Then, as if things couldn’t get worse – and they can – you could be facing some hefty court costs and attorney fees.

Yes, Your Honor – Court Costs, Lawsuit Judgments, Attorney Fees

The words you uttered right before the clank of the jail cell echoes, all because you opted not to carry insurance. Consider reading this as the insurance version of A&E’s hit reality show, “Beyond Scared Straight.”

One perk of car insurance is that you should never need to have your day in court, dealing with tired judges and egocentric attorneys. Not only that, court proceedings can be lengthy, drawn out, and downright irritating, not to mention cost much more than the insurance policy you should have just purchased in the first place.

If you don’t carry insurance, get caught driving without it, and have an accident, you’re basically clearing your schedule for a day or two — or more if an accident is involved– in court, listening to a judge, missing work and a pay check, and dealing with your car being impounded. In some states, you may have to file for an SR-22 or FR-44, which will result in paying even more for your insurance.

What’s worse? If you cause an accident and don’t carry insurance, you could be sued for damages to the other person’s property, medical expenses incurred by the other party as a result, pain and suffering, and any incidental expenses incurred.

If you just felt relief due to the old saying, “You can’t squeeze blood from a turnip,” it’s going to be short-lived. If you can’t write a check for any judgment amounts placed against you in a lawsuit, your assets can be seized, and if they’re not enough to cover the judgment, your wages can be garnished until it’s paid off. Imagine causing an accident resulting in the death of someone, and the family and other passengers suing you for $1 million. You’d be working the rest of your life to pay off the judgment, and would never be able to have any assets until the judgment is paid. So yes, there are ways to squeeze blood from a turnip, and sacrificing your financial future just to avoid paying a few to several hundred dollars a year on auto insurance now isn’t worth it.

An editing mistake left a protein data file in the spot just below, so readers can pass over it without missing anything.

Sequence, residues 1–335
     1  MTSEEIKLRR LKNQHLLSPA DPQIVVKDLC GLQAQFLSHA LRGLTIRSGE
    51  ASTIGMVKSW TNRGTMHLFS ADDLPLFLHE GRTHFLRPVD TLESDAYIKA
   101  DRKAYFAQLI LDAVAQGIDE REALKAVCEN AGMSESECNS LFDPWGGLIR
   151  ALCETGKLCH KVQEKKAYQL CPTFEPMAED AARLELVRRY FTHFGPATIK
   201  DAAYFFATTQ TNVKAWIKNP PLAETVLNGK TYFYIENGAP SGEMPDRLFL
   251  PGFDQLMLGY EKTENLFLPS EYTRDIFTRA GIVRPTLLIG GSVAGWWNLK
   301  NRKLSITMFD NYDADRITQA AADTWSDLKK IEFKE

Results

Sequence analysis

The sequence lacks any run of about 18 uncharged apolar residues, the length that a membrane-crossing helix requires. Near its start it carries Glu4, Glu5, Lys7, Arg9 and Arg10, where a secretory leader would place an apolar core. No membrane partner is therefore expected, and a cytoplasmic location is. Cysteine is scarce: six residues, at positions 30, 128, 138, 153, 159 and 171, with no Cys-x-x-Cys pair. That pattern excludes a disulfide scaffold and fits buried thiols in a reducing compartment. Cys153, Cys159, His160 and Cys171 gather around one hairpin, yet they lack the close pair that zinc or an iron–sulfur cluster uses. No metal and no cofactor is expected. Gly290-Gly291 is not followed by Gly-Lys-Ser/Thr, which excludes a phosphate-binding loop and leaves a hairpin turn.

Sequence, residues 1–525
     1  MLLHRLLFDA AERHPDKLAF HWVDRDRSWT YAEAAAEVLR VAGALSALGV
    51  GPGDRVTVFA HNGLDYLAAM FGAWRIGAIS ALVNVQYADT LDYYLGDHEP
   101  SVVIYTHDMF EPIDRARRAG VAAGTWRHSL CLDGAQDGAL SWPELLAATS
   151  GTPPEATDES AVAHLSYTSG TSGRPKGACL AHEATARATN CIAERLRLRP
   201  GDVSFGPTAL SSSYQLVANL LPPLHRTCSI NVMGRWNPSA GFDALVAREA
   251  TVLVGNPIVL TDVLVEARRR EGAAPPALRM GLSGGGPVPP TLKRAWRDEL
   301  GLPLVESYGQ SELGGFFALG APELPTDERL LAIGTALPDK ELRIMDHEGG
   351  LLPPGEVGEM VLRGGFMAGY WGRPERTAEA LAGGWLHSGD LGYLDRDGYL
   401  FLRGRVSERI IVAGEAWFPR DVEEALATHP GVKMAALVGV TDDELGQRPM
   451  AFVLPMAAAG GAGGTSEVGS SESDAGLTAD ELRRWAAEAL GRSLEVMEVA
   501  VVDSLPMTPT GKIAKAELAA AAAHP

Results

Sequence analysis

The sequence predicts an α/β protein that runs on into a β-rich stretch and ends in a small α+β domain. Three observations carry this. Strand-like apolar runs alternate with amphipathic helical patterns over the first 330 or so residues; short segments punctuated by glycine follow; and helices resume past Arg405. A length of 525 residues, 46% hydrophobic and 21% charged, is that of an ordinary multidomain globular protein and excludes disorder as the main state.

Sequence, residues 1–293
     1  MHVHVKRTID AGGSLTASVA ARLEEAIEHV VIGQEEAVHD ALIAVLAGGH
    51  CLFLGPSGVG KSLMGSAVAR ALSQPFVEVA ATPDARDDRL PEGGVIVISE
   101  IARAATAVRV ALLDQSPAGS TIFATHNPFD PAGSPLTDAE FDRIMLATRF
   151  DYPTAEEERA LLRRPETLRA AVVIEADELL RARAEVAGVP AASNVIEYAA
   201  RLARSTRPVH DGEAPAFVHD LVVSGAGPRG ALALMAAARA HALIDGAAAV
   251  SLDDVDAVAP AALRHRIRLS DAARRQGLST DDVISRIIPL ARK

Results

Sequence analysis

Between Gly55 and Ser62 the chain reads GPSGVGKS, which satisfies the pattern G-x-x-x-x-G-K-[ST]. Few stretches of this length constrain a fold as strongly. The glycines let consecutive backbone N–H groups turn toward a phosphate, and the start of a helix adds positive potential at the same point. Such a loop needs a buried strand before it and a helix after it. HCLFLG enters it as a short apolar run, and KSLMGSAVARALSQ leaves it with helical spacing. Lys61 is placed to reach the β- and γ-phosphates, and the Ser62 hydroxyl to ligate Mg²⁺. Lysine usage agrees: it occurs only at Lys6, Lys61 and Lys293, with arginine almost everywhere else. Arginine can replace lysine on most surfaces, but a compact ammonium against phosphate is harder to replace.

#2: It’s All Your Fault – Instantly and Without Doubt

Nobody wants to hear those words. However, most uninsured drivers are unaware that if they’re in a car accident and the other vehicle happens to, say, rear-end them, they could actually be held at-fault in this circumstance. Not only that, but you’ll also be fined and penalized for not carrying adequate or any insurance. So even in a traditional “0% fault” situation such as being rear ended, you could still come out losing in the end simply because you didn’t bother to invest in car insurance.

#3: It’s Criminal – or Rather, Uninsured Drivers Can Be

In some states, like Georgia, driving without insurance is considered a misdemeanor, and will be on your record forever. Anyone who views your criminal record, including potential employers performing background checks or property managers when you’re looking for a home to rent, will see it. For those whose screening policy includes checking criminal records, there’s often clear protocol in place as to how it affects the outcome and may not be negotiable. For example, an employer may have a strict rule that they don’t hire anyone with a misdemeanor, regardless of what it’s for.

This is even worse for those with commercial driving licenses. In many states, commercial licenses will be suspended, and you won’t have the opportunity to get it back. There goes your livelihood – was that worth not making your premium payments?

As expensive as car insurance may seem now, when you calculate attorney fees, the inconvenience of not having a license or impounded car, missing work due to sitting in court or serving jail time, missed employment opportunities due to criminal charges, and more, auto insurance costs seem like pennies in comparison. No one’s twisting your arm to purchase more than you need, but buy what you do need to keep your head above water should you be involved in an accident, and to be in compliance with the law. So not to scare you, but… well, yes, hopefully the many possible repercussions of not carrying insurance does just that.